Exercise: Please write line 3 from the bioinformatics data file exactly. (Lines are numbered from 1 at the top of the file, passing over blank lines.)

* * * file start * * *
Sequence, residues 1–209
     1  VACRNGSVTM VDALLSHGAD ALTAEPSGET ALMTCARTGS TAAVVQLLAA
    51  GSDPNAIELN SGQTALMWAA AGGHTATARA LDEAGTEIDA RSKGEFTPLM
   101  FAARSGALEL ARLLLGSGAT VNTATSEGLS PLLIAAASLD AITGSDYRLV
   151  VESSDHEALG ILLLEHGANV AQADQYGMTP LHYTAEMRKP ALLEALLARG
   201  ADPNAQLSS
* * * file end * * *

    51  GSDPNAIELN SGQTALMWAA AGGHTATARA LDEAGTEIDA RSKGEFTPLM